That relaxation may come at a higher cost this year — a reflection of the stronger U.S. economy and growing travel demand, according to a report by Carlson Wagonlit Travel and the GBTA Foundation. They expect global airfares to rise 3.5 percent, hotel prices to increase 3.7 percent and ground transportation, such as taxis, trains and buses, to remain more or less flat.
“If 2017 was the rise of the airline carriers’ “basic economy/no frills” concept, 2018 will be the hotel industry’s big year for ancillary charges,” according to a report by American Express. More lodgings are charging higher rates for a refundable room and fees for services that used to be free, such as Wi-Fi service, holding luggage, parking, early departures or a room safe, it said.
This may affect older travelers more because Baby Boomers (people age 54-72) prefer to stay in hotels or motels for amenities such as the concierge and room service, according to AARP. Millennials (age 13-36) are more open to staying in private home rentals, citing better prices, more space and amenities like a kitchen or washer/dryer.
3. Travel restrictions
Cheap regional airfares, home rentals and social media hype has contributed to overtourism in many popular places worldwide. Italy’s Cinque Terre is trying to control large tour groups that visit the five small, hillside towns linked by a trail along the Ligurian coast. Peru’s Machu Picchu restricts the number of visitors and how and when they access its ruins. Norway has introduced safety digital marketing to help deal with increased tourism and rescue calls.
The ATTA expects more places to restrict visitor access as governments and local residents protest the impact of overtourism on historical sites, pollution, traffic and the cost of living.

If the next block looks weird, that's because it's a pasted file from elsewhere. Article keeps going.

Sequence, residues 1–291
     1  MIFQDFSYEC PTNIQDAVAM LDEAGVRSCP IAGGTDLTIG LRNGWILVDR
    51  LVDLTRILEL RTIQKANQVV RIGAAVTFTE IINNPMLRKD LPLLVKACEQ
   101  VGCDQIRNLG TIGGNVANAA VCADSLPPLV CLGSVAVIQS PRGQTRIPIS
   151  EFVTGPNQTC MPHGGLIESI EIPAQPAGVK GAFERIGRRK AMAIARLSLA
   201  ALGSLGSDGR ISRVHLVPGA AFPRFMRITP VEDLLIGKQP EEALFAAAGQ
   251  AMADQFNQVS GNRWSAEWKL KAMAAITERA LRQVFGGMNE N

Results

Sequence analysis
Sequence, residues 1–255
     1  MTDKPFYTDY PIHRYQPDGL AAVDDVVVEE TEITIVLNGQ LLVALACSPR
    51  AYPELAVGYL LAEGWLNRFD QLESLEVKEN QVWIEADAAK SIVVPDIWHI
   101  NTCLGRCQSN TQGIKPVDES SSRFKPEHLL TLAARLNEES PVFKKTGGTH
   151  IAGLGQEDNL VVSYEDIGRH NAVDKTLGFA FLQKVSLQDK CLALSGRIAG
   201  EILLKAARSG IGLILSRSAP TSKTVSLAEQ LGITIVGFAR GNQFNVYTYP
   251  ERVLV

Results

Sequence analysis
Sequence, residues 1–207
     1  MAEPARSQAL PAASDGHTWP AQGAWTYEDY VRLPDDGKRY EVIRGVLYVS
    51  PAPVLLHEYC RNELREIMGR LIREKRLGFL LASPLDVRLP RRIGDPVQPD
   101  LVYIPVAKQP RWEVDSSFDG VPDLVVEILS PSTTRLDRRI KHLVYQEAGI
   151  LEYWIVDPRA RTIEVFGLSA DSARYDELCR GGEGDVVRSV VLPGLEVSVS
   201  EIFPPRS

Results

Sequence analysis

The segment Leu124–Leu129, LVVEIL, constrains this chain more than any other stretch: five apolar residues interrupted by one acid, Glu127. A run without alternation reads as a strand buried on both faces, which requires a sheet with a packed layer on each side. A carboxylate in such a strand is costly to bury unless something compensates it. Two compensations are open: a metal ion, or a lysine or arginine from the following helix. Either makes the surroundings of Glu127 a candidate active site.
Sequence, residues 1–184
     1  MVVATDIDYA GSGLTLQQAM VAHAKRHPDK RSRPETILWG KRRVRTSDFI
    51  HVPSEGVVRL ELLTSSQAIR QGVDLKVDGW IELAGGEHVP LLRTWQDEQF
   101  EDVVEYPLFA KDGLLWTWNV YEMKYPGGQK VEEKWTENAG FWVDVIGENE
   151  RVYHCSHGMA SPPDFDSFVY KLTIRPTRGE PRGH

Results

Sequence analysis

4. Customized travel
More people traveling to more places means there are fewer hidden gems and untrammeled areas. Research by Deloitte and the ATTA show that more travelers want personalized itineraries in their quest to experience something truly different.
5. Go local
Travelers also want more authentic interactions with local residents and communities, according to a study by the ATTA, East Carolina University and Outside magazine. This may include immersive experiences, such as staying overnight in a villager’s home or visiting a farm to learn about their sustainability efforts.
AARP found similar trends among international travelers: 49 percent want to “tour with a local” vs. 40 percent in 2017.
6. Virtual travel
Simulated travel experiences based on virtual and augmented reality technology provide access for people who can’t travel, enhance travel with behind-the-scene looks at damaged or hard-to-reach sites and create new marketing opportunities, according to the ATTA. Discovery Communications’ Discovery TRVLR project takes people to the seven continents using VR headsets. Go Under the Canopy takes people into the Amazon rainforest in an educational VR tour by Conservation International and Jaunt. You can take an interactive kayak tour of the Grand Canyon with Immersive Entertainment.
Virtual travel still can’t replace the real thing.